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Conn. Senate Passes Gender Identity Bill


HARTFORD, Conn. – Connecticut has moved closer to adding transgendered people to the list of classes of citizens protected from discrimination.

The Senate passed a gender identity protection bill on June 4 on a 20-16 vote. The bill has already passed the House of Representatives, and Democratic Gov. Dannel P. Malloy said he would sign it into law.

“This bill is another step forward in the fight for equal rights for all of Connecticut’s citizens, and it’s the right thing to do,” he said in a written statement issued shortly after the vote was taken. “It’s difficult enough for people who are grappling with the issue of their gender identity, and discrimination against them has no place in our society.”

Sen. Beth Bye, D-West Hartford, said the bill codifies a ruling by the Connecticut Commission on Human Rights and Opportunities that made it illegal to discriminate against transgendered people. People with gender identity issues have repeatedly asked the General Assembly to include the protections in state law, saying they’ve experienced discrimination with employment, housing and other matters.

“These are things that get in the way of real people living their lives fully,” said Bye, adding how 13 other states provide similar protections.

As was the case in last month’s lengthy debate in the House of Representatives, some Republicans raised concerns about restroom usage, whether a man could misuse the transgender law to enter a women’s restroom. The Family Institute, a conservative group that dubbed the legislation “the bathroom bill,” has questioned whether sex offenders could misuse the law.

GOP efforts to amend the bill, such as exempting restrooms, locker rooms and boarding houses from the law, each failed.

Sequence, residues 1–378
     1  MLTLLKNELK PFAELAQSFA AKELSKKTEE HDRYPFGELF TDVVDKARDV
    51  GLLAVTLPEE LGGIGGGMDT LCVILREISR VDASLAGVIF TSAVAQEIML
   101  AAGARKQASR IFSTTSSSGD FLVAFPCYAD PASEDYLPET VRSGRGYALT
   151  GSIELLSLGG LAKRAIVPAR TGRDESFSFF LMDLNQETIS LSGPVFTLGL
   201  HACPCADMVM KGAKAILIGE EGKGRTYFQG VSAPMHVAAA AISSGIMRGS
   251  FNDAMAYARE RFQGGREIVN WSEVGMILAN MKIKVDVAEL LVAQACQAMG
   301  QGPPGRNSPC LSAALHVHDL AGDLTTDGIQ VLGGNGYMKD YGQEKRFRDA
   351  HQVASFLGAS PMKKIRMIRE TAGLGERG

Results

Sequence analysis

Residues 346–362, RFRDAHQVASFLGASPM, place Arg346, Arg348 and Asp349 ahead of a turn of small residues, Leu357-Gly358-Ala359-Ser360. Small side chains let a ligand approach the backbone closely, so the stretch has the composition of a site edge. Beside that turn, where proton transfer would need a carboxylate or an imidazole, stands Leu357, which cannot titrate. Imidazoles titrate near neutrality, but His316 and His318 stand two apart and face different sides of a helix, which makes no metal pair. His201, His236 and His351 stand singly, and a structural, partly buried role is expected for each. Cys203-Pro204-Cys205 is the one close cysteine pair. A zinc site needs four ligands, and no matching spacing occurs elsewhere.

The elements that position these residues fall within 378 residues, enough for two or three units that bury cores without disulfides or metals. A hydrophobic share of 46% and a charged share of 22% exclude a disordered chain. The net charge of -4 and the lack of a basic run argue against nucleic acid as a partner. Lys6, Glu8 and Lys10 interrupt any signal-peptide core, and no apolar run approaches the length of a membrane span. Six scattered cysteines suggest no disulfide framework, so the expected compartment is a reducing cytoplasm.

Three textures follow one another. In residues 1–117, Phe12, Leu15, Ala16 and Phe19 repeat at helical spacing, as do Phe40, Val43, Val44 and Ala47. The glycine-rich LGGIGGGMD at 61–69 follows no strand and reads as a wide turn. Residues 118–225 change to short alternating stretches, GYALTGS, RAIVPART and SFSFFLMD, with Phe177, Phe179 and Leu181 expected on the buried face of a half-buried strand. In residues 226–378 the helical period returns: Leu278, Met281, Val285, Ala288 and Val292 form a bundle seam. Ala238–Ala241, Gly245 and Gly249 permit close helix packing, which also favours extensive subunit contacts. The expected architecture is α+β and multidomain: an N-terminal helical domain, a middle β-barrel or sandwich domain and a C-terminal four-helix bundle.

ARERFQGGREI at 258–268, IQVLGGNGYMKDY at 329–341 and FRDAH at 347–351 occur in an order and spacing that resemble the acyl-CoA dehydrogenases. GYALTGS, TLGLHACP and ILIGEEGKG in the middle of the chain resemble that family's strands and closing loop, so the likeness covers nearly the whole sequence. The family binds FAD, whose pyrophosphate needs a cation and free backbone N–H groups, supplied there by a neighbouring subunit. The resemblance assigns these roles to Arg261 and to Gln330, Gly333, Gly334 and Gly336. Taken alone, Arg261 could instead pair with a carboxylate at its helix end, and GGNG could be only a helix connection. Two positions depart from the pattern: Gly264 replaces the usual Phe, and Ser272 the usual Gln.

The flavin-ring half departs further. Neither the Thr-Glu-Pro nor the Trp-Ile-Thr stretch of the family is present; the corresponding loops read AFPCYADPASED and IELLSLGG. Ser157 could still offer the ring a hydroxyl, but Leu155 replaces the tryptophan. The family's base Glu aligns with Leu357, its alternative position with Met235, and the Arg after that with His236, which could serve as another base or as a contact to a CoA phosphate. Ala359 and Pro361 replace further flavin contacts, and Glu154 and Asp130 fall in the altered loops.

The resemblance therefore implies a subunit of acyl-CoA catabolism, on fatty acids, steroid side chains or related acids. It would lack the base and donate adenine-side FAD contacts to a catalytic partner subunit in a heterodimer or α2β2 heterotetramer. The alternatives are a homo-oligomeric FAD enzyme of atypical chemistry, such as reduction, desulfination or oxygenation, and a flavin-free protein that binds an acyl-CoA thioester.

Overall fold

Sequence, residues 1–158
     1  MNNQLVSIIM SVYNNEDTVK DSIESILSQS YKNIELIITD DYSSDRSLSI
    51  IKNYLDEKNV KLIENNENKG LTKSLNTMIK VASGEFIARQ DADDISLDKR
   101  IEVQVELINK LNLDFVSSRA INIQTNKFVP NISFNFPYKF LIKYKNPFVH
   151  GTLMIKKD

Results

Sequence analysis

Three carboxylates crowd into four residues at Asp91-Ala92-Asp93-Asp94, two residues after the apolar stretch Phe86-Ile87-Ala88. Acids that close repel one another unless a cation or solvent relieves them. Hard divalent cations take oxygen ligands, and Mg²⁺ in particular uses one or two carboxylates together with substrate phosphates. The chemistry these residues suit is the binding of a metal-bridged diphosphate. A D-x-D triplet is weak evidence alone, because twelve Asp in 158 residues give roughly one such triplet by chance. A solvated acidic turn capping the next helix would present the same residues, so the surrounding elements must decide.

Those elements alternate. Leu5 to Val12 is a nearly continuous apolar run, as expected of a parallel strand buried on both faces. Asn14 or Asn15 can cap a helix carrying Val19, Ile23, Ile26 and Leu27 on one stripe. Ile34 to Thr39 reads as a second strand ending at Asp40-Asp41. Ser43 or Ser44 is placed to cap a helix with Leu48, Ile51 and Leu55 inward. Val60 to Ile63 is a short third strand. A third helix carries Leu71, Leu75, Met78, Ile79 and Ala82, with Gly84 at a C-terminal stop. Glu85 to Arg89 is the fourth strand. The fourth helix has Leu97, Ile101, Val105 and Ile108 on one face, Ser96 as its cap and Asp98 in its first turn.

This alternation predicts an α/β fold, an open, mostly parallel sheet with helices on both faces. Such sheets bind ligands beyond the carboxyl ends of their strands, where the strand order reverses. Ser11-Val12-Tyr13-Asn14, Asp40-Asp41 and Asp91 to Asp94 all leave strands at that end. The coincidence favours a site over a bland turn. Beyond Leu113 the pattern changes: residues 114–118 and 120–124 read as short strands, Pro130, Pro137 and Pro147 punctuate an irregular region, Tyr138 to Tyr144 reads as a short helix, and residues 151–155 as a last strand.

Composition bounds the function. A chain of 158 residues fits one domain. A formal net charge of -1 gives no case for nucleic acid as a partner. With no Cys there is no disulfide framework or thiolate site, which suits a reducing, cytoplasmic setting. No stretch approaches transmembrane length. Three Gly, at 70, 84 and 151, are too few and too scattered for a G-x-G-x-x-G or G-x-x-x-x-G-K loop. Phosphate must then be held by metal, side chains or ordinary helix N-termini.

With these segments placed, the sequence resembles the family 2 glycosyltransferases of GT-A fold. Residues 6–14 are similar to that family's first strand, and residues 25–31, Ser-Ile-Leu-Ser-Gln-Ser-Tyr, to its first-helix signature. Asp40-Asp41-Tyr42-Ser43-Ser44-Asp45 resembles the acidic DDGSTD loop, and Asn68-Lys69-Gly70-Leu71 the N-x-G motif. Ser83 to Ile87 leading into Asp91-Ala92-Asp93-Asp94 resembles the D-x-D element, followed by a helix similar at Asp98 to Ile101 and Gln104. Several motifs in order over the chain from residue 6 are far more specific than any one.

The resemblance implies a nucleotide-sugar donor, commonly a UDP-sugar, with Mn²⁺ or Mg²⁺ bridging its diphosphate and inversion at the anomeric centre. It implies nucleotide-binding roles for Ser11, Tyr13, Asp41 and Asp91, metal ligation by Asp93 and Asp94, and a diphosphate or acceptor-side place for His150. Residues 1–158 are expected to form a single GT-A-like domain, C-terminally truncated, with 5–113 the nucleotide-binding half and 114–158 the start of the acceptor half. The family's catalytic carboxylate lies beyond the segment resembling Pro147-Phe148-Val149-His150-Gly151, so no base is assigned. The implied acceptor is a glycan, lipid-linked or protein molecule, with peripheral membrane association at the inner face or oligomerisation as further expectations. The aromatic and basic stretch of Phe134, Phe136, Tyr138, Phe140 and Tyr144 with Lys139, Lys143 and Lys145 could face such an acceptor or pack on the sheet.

Some Democrats said it was offensive to the people who’ve asked lawmakers for the legal protections to refer to the legislation as “the bathroom bill.” Longtime Sen. Eric Coleman, D-Bloomfield, said he had never seen the degree of “mean-spiritedness” before that he has seen regarding this bill.

Sen. Len Suzio, R-Meriden, who supported the amendments, said it was unfair to suggest that people who question the transgender rights bill are bigots. He said they simply respect the customs and practices of the forefathers.

“We should not jettison them and throw them overboard,” he said.

At times, senators brought up personal experiences to make their points during the late-night debate.

Sen. Edward Meyer, D-Guilford, told the story of his lifelong friend Richard Raskind, who later became Renee Richards, a former professional tennis player who underwent sex reassignment surgery and made headlines for challenging the U.S. Tennis Association’s decision not to allow her to enter the 1976 U.S. Open. The New York Supreme Court ruled in her favor.

“The change was really remarkable. It was totally genuine,” said Meyer, adding how his friend not only physically became a woman but looks like a woman and thinks like a woman.

“To send Renee Richards into a men’s bathroom, that would be very dangerous, very dangerous, because Renee is a woman,” he said with a chuckle, adding how it would be “utter discrimination” to prevent her from using a women’s restroom.

“I want you to think about Dick Raskind and Renee Richards and what it means to change your gender,” Meyer said. “It’s a real change. This is not someone who has put on women’s clothes. This is a real change. We’re talking about substance.”


Associated Press

The Associated Press is an American multinational nonprofit news agency headquartered in New York City.

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